Professional Services Industry Overview

Professional Services Industry Overview

When marketing to the professional services industry, it is important to have a firm understanding of the current environment. The professional services vertical includes specific industry segments such as business services, engineering and consulting services, and legal services. Highly fragmented, with something like the 50 largest firms netting less than a fifth of industry revenue, professional services firms often tend to be smaller enterprises with big technology needs from server to desktop. Collectively, they are responsible for the vast majority of IT spending in SMB. Accounting for over $1 trillion in combined revenue, the US professional services industry includes roughly 770,000 firms. Major players include companies like IBM, Accenture, and PricewaterhouseCoopers; the industry includes accounting, advertising and marketing, architectural firms, consultants, engineering, IT and legal firms, and scientific research service firms, with the three largest by revenue being IT, legal and architectural and engineering services.

Frantz Group has experience planning and executing a variety of successful marketing programs targeting the professional services vertical – promoting a wide array of solutions including document management, time and billing, CRM, wireless solutions, business intelligence, and more. Our Lead Generation services and deep vertical knowledge are well positioned to help your organization be successful in this vertical.

Economists stress that ‘revenue lags economy,’ so, last March we’d hoped that things may be on the upswing for the professional services industry because by most accounts the US and global economies were on the mend (between natural disasters and bouts of global unrest), and, US corporate profits had jumped over 26% in Q3 of 2010 compared with ’09. When corporate profits are up, professional services are in greater demand – so, all things considered, the future looked bright. Now, however, as we look at 2011 US corporate profit numbers, we see growth at only 7.9% for Q3 of 2011 compared to the same period of 2010; 2011’s growth is being reported as the slowest in the last two years, and we’re lagging behind hoped-for progress. Europe’s economic woes are contributing to concerns, certainly. On the bright side, one investment strategy pundit is noted as commenting about his growing optimism that US economic activity is ‘firming to the point that it’s durable.’ This is due to the falling US jobless rate in late 2011 as well as a Bloomburg survey estimating that American economic growth may rise to 2.1% in 2012, counterbalancing Europe’s issues and China’s slowing growth. So, as Bill Murray would say, “We’ve got that going for us.” Total US revenue for professional services rose 5.4 percent in Q3 2011 over 2010.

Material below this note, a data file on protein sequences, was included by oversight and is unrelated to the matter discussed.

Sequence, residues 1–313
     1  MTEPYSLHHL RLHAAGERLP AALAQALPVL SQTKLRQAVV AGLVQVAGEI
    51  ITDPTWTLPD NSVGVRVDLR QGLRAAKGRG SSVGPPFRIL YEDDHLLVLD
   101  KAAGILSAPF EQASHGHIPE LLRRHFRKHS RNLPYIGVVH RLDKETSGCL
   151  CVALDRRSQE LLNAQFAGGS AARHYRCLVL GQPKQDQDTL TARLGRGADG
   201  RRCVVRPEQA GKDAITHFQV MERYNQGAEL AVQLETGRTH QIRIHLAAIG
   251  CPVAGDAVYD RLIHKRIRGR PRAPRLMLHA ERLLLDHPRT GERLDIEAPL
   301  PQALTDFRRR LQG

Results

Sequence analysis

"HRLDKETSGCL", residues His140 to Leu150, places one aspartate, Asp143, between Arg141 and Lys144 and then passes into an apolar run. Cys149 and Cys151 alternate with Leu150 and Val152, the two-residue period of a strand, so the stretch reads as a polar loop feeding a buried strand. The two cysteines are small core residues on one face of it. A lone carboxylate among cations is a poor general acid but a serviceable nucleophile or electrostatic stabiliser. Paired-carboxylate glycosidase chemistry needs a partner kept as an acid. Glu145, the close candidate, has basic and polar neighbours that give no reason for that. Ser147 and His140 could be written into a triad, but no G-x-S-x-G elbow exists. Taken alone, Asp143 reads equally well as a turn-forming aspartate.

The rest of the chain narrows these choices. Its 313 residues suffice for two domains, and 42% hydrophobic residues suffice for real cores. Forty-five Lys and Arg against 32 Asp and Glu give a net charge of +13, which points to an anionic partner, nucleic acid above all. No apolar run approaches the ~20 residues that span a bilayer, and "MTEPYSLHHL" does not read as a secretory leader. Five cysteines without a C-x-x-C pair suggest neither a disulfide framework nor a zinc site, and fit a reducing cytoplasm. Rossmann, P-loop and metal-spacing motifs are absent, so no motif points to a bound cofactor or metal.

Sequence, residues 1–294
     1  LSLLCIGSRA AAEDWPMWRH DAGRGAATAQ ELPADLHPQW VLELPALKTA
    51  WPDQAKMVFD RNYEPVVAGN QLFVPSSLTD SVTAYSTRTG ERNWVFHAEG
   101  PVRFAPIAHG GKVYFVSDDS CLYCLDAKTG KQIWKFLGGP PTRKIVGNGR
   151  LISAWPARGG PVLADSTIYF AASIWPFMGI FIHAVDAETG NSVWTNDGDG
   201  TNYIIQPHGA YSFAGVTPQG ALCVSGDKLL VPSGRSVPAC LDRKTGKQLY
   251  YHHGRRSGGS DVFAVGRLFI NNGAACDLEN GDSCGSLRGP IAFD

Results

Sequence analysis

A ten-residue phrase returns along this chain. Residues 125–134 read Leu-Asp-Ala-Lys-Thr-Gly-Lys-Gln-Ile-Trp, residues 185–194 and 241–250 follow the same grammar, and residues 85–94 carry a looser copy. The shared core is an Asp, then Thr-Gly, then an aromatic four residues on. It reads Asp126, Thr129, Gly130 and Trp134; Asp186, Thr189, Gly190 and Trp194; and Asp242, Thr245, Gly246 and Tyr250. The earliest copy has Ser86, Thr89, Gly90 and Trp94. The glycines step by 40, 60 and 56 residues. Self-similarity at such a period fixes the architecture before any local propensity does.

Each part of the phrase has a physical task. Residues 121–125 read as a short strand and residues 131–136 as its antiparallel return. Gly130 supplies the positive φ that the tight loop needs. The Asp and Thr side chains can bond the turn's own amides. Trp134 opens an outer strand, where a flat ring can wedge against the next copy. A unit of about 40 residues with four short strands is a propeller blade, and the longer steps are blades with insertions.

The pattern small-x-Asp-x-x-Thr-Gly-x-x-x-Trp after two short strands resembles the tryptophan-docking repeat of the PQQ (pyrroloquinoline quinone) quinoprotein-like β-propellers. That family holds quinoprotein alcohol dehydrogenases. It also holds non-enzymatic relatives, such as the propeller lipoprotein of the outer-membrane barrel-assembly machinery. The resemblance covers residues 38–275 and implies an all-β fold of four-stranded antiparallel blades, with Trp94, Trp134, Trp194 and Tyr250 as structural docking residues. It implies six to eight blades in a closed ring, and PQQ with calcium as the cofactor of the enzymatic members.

Some good news for the professional services segment: the trend toward outsourcing ‘corporate functions’ continues to deliver quality work to firms in the sector. This is true in spite of potentially higher hourly costs because of firms’ ability to supply high levels of expertise in an episodic manner.

New applications of business technology (IT) are enhancing the productivity of the professional services industry. These include broader wireless access to business applications, project and service delivery management applications, time accounting, CRM, and business intelligence.

Professional services firms face numerous challenges as they seek to grow their businesses: They must effectively manage massive amounts information and content, optimize billings and revenue tracking in the face of increasing margin pressures, continue to develop human resources and productively manage risk; all of this while building their brand and reputation in the marketplace. To survive in the ‘new economy,’ many firms also need to do the hard work of strategically transforming their business models in order to deliver services in a more timely, cost efficient and profitable manner.